Depp might do well to dye his hair blond, gain a little weight, and play a happy father, just to shake things up.
Sweeney Todd isn't exactly likeable, as a character. You sympathize with his plight, and you understand his lust for revenge, but he jumps so quickly into slitting throats that he's never quite a fully developed, human character. He becomes so focused on his revenge, so blind to all else, that he merely emerges as a symbol, and the film a morality tale about the dangers of vengeance.
As W.B. Yeats said, "hearts with one purpose alone / Through summer and winter seem / Enchanted to a stone / To trouble a living stream." Sweeney Todd is as good an example of this as Yeats's original topic, Irish rebels -- too deep a devotion to any cause, vengeance or national freedom, robs people of their humanity.
Sweeney claims that the history of the world has been of those below serving those above, and his murderous reversal, which makes those above serve those below, is thus just payback. Despite Sweeney's seductive argument that his work performs a social service, a la Robin Hood with a very big knife, the musical ultimately undercuts Sweeney's vision of justice.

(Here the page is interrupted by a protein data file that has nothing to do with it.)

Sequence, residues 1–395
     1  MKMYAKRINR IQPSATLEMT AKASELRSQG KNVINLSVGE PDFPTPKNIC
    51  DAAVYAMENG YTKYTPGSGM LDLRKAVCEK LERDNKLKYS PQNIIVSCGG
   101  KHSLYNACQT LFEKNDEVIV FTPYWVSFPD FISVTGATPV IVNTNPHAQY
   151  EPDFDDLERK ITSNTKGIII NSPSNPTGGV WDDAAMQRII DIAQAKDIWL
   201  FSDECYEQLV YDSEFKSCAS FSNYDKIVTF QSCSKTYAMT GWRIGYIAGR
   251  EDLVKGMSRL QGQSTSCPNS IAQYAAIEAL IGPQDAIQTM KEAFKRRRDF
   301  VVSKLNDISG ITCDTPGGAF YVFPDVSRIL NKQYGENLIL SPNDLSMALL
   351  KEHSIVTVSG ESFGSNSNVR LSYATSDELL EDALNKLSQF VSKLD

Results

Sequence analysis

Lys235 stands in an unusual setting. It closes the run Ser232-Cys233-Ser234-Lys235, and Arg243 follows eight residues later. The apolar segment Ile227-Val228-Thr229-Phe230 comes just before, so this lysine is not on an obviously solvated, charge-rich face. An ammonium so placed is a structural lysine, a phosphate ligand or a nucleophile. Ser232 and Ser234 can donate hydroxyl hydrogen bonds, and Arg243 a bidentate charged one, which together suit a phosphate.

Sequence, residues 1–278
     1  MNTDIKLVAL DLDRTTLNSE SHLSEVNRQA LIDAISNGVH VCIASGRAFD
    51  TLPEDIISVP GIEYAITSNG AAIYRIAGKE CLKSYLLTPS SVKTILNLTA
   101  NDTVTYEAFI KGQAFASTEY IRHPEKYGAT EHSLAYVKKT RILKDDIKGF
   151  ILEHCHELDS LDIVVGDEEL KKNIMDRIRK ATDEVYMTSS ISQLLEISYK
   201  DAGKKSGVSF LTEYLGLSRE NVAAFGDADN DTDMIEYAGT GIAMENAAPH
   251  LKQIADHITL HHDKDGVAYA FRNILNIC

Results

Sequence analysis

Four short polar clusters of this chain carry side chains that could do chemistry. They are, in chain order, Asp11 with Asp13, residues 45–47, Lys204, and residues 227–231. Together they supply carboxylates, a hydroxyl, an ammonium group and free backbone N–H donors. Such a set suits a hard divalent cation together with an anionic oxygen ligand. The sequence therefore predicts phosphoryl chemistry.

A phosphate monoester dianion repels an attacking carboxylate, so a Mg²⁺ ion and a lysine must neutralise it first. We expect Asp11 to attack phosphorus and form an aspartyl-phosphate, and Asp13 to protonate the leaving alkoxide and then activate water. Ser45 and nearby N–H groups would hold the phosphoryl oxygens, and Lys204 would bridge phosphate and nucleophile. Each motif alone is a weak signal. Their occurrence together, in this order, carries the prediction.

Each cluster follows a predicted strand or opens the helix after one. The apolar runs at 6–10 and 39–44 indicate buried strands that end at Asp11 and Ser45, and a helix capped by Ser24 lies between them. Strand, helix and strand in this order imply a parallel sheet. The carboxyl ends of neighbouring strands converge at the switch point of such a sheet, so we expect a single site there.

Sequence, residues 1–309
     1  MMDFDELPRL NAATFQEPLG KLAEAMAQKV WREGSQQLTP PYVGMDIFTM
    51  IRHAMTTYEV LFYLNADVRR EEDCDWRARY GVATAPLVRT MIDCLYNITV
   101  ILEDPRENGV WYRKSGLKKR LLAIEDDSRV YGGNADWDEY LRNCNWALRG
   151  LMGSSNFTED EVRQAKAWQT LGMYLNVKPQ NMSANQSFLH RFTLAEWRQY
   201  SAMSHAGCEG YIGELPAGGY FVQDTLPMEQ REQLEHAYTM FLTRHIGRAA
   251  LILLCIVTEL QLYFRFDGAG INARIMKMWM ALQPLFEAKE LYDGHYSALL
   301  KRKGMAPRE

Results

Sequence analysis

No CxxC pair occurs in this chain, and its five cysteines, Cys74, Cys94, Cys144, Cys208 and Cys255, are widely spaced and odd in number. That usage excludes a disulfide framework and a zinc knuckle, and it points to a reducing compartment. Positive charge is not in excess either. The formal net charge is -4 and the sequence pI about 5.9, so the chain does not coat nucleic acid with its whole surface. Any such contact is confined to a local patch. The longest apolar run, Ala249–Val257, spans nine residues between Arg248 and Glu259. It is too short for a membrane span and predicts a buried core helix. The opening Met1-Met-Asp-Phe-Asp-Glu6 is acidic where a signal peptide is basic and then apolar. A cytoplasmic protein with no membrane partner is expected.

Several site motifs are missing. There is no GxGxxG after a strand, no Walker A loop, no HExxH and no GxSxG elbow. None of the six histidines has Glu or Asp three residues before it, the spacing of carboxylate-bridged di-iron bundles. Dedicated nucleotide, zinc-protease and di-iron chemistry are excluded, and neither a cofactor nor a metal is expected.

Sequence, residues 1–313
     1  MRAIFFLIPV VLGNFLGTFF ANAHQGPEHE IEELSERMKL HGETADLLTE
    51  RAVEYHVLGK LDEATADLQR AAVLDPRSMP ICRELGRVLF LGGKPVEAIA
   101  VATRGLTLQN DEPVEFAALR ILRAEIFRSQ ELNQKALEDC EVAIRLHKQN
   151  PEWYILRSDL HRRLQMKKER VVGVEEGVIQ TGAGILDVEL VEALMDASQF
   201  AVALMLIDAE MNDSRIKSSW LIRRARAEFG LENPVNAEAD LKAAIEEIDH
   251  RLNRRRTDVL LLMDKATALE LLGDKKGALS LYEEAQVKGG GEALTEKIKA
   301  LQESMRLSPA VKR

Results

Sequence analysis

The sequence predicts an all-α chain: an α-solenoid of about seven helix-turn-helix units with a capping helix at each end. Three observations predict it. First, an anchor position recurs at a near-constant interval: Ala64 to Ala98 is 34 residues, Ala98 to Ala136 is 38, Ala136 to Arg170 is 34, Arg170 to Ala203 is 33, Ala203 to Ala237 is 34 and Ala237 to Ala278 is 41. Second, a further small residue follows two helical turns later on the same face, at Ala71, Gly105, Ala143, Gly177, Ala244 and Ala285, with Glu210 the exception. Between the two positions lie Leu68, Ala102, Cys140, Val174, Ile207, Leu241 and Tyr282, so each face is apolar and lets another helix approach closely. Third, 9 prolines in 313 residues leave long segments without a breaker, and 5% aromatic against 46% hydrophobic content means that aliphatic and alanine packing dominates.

His all-encompassing misanthropy kills indiscriminately and finally produces the bleak, warped world that his "work" was supposed to protest. Thus, though Sweeney Todd might seem to be part of the passel of recent films and TV shows celebrating serial killers as vigilante heroes (like Dexter and Hannibal Rising; see the Hannibal review for my complaints about that subgenre), it doesn't really fit. Sondheim doesn't, in the end, set Sweeney up as any kind of hero -- just as a sad, ruined man, both sinning and sinned against.
Burton does a brilliant job of staging the "By the Sea" song, which becomes a montage of Depp and Carter, still decked out in their clownish gothic melodrama gear, parading around in the bright daylight of the beach -- Carter smiling girlishly, and ghoulishly, at her incredible luck while Depp scowls and winces at every dose of sentimental claptrap.
If you're in the mood for some dark, gothic, musical goodness, it's brilliant stuff. The direction, sets, and cinematography are all perfect for Sondheim's 1979 vision.
My only complaint is that Depp and Burton perhaps need some time apart, or to make, occasionally, a different movie. Depp runs the risk of only being cast as a parody of himself, of people forgetting that he's good for anything at all other than being an eyelinered melodramatic girlish pinup.
That said, the pinup's staying on my wall for the foreseeable future.